WASHINGTON (AP) — A Pentagon review recommends ridding the combat pay system of inequities that have allowed officers thousands of miles from battle to get better benefits proportionally than troops on the front lines in Afghanistan.
The recommendations in a review released Thursday are likely to anger service members. But the director of the review said they’re aimed at paying more to troops who are in the gravest danger and giving the best tax benefits to those who are paid the least.
Military officers who are not near the fight can sometimes get more in combat pay and tax benefits than troops who are getting shot at on the front lines, said Thomas Bush, who directed the review. He said the main goal was to make combat pay more equitable.
The report doesn’t recommend any specific rates of combat pay or say that certain troops should get less. But, Bush said, “we suggest there be some meaningful distinction” between troops who are getting shot at and those who are simply deployed to one of many countries designated as combat zones.
Under the military’s current system, there are two types of combat pay. One, called “hostile fire pay,” gives troops $225 a month if they are in an area where they could be exposed to enemy fire.
The second, called “imminent danger pay,” gives up to $225 per month to those who are in a combat zone, and it is pro-rated at $7.50 a day, based on how long they are there.
Bush said the report recommends that hostile fire pay be more than the danger pay and that there be levels of imminent danger pay based on where service members are. Currently they can get the danger pay for being in more than two dozen places, including Bahrain, Saudi Arabia, Kyrgyzstan, the Philippines and Jordan — as well as in Afghanistan, Yemen and Somalia.
“We want to target compensation to people who are at the greatest risk,” Bush said.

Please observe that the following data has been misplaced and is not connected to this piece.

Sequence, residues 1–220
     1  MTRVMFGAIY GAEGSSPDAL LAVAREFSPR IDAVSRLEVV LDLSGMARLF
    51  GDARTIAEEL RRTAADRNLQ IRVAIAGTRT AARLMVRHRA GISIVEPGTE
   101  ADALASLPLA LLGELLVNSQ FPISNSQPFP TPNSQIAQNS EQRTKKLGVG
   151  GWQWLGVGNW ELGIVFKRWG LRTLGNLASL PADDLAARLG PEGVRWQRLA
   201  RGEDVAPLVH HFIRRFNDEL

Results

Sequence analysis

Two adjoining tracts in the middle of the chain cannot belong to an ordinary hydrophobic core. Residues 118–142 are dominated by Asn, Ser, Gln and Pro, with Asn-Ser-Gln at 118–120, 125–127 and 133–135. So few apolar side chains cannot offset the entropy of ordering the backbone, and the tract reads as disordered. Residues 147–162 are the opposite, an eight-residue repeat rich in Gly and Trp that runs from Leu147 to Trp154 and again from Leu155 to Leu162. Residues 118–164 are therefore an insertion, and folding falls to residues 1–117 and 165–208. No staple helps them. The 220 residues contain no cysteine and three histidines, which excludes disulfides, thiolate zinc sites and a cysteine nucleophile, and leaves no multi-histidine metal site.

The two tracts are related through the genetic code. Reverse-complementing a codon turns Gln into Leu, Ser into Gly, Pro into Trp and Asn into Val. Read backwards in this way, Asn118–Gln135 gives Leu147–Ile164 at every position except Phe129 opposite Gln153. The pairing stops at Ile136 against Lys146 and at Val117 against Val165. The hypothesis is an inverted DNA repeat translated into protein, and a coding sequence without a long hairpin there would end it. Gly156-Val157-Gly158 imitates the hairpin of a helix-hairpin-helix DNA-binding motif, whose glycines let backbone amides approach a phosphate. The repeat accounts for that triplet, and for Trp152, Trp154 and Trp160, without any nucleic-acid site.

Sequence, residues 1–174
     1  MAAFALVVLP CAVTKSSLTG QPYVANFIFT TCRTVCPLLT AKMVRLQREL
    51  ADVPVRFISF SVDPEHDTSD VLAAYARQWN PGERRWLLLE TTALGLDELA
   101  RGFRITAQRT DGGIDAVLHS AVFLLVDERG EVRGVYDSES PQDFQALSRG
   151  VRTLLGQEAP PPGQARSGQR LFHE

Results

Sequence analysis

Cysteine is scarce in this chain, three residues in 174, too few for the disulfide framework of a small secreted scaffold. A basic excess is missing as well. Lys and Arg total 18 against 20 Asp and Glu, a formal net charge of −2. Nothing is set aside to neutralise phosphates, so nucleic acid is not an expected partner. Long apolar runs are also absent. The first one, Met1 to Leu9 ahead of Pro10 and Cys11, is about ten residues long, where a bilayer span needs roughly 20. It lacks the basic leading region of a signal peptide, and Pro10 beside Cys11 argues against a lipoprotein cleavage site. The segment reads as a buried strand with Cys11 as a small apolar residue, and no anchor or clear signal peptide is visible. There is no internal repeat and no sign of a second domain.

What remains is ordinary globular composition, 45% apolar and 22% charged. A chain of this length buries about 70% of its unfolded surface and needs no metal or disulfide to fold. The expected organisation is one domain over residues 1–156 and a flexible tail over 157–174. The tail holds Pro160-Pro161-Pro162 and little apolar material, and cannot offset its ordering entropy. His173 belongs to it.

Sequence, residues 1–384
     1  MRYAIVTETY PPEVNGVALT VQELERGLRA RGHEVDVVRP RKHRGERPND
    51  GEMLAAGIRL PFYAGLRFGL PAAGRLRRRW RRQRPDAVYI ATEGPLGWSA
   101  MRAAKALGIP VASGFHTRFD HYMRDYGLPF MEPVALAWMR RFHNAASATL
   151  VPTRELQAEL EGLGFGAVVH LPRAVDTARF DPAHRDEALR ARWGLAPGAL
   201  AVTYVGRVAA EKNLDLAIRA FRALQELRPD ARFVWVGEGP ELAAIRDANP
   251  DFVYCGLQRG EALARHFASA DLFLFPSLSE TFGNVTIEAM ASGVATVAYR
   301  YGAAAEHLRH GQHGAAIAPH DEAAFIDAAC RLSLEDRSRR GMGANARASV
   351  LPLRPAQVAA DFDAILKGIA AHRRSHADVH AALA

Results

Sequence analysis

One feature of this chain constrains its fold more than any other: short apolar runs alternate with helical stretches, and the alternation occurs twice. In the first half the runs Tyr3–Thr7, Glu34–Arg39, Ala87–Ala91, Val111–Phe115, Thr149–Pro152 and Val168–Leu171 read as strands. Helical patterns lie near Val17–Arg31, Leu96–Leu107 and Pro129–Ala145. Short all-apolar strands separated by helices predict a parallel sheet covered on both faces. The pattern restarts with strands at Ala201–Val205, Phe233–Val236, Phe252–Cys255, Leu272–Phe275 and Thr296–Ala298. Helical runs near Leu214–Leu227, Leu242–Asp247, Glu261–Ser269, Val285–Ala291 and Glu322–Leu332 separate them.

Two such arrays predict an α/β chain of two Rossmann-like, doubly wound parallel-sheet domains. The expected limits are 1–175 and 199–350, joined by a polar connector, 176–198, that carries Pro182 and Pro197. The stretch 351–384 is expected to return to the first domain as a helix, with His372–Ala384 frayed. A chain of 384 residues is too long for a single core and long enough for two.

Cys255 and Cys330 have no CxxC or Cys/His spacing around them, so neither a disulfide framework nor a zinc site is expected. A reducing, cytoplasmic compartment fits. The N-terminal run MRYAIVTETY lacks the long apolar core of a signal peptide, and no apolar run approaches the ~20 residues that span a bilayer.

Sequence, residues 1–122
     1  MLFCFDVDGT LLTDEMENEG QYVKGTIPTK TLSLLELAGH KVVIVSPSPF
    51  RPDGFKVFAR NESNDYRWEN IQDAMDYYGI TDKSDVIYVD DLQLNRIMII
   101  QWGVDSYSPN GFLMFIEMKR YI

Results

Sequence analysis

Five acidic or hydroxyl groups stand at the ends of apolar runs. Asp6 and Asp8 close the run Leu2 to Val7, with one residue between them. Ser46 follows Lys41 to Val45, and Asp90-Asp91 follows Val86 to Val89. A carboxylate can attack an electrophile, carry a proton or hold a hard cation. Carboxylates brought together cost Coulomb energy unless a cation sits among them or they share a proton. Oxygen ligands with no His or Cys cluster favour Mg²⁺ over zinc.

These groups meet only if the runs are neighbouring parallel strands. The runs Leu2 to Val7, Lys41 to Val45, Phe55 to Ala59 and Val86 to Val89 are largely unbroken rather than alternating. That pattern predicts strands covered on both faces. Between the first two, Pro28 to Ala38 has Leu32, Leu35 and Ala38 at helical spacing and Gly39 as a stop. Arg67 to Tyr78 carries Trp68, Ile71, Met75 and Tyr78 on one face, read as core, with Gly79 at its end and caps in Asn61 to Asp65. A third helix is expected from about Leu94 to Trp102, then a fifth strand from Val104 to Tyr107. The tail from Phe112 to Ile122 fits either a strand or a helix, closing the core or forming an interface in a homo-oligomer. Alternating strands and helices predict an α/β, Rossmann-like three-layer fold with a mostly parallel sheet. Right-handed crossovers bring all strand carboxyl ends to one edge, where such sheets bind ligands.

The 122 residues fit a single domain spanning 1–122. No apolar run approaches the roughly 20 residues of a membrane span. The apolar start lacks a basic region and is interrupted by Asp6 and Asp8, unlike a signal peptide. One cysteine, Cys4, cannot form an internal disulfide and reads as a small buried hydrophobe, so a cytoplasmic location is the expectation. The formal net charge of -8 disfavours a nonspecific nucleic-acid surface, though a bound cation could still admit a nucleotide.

In December 2009, President Barack Obama directed the department to examine four specific areas: combat pay, benefits and pay for the National Guard and Reserve, compensation for wounded service members and their survivors and pay incentives for key defense jobs, such as drone operators, special operations forces, linguists and mental health professionals.
Under the current system, service members up to the top level senior enlisted rank do not pay taxes on their pay when they are in a war zone. Higher level officers would not pay taxes on the portion of their salary equal to the top senior enlisted members’ amount.
When they go to a combat zone, the taxes are no longer taken out of their pay, giving them an automatic raise for their deployment time.
The proposed change would make the combat pay a refundable tax credit that service members would file for at the end of the tax year.
But Bush said that because of the federal tax code, the benefits for higher level officers clearly outweigh the tax benefits for low-ranking troops, because much of their pay would already be at a very low tax rate.
The panel was struck by that disparity, Bush said, adding that a senior officer could get as much as a $15,000 tax benefit, while an Army private might get a $1,000 tax benefit.
And yet, the private serving at a combat outpost in Kandahar or Khost in Afghanistan has a much higher chance of getting killed or injured than a senior officer serving in a headquarters unit or in Bahrain.
Congress members have been loath to do anything that appears to cut combat pay and have often tried to increase pay raises for the military. Bush acknowledged that it’s not clear how open they would be to the changes recommended by the report, but he said he hoped lawmakers would be open to making the system more equal.
Military compensation review:
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